I recently returned from a delightful afternoon talking with Rose Carol Toth, one of the founding members of Saline Area Players.  This is our 40th year and we’re celebrating with a Gala on June 22 at Liberty School Auditorium, which used to be called the Middle School Little Theatre, and was the first auditorium in which the Players ever performed.  Rose Carol talked about how the group was formed….

It began when a local resident, Betsy Wellwood, had an idea.  She put a small article in the Saline Reporter asking if anyone was interested in starting a local theater group in Saline.  The meeting took place on Monroe street in what had originally been a Catholic Church, but was at that time a UAW hall.  Not sure what it is now.  They met in the basement.  In Rose Carol’s recollection, about 12 people attended that first meeting, most of whom didn’t know each other.  Some of the people she remembers, along with herself, were Ralph Swenarton, Norma Keller, Russell and Marilyn Ellis, Betsy Wellwood, Leroy King, Dottie Barnes, and Christine Horn, whom she describes as young, and the only person there who had ever done or studied theater.  It was from this meeting that they decided to put on the first Saline Area Players show, “Was this Murder?”.  Rose Carol was in it along with many of the founding members of the Players.  I looked at her program of the show, and I was impressed at how well-supported the show was with local businesses.  Rose Carol remembers that her husband, Ted, and Bob Barnes, were some of the first set builders.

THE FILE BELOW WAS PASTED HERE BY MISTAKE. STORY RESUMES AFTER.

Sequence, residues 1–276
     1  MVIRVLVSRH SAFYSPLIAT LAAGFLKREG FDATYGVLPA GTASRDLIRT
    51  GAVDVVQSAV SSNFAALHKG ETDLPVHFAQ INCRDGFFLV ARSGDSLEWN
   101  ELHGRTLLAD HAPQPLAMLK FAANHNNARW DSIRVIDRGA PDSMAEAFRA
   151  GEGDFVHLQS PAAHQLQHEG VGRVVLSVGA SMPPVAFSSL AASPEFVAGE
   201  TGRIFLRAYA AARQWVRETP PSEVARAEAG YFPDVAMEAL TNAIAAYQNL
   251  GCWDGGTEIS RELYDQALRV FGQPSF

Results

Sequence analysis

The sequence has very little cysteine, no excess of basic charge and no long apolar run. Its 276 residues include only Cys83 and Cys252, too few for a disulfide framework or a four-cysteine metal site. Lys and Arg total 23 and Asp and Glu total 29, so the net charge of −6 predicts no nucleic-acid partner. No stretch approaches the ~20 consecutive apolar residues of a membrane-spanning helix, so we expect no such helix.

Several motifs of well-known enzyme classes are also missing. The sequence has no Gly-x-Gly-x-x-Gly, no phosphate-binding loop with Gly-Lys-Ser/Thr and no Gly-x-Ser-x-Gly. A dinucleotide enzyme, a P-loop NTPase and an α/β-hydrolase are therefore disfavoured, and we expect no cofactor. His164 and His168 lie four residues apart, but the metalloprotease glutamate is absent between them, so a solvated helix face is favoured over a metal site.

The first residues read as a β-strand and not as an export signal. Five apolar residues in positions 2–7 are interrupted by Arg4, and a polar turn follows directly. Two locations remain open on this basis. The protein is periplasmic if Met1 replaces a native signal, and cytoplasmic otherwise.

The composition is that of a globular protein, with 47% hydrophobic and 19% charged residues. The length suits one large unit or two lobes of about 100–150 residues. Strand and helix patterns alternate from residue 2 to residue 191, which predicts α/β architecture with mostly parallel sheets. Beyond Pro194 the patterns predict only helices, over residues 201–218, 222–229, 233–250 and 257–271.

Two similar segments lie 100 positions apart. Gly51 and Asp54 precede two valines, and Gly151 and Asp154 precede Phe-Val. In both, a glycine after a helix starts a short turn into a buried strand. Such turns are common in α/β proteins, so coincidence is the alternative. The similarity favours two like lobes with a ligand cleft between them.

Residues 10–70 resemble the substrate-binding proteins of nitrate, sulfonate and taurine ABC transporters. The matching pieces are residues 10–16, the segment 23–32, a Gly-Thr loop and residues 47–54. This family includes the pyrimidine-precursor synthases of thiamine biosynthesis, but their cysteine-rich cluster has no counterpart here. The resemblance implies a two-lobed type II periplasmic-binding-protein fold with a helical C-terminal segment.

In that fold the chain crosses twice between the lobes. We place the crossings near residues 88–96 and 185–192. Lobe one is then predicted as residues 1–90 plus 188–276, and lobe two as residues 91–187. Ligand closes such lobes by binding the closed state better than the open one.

Queen in Once
Upon a Mattress

With that first production, and many of the early ones, she says that people pitched in and did everything.  At that time the theater didn’t have any lights like it does now so they had to make them using large coffee cans.  They also had to figure out a way to hang them.  They moved them in and out of the theater using large crates.  When not in use, they were stored in various garages, including that of the Toth’s.  The biggest storage area, however, as time went on, was over Big Daddy’s (which is where Mangiamo’s is now).  She reports that Big Daddy’s was very generous, letting them store things there on the upper floor for free.  Unfortunately, there was a fire in the building causing damage to Big Daddy’s, and the Players lost much of their stuff.  So other storage areas were found and that may be when the Players moved to the Saline Depot.  For awhile, the depot was used for storage and for rehearsals, but later was turned back to the historical society.  I personally remember being there for auditions in the first SAP show I auditioned for, Carousel. Over the years, SAP has stored things in people’s barns too, including Bill Burnette and the late Dave Strait, to name a few.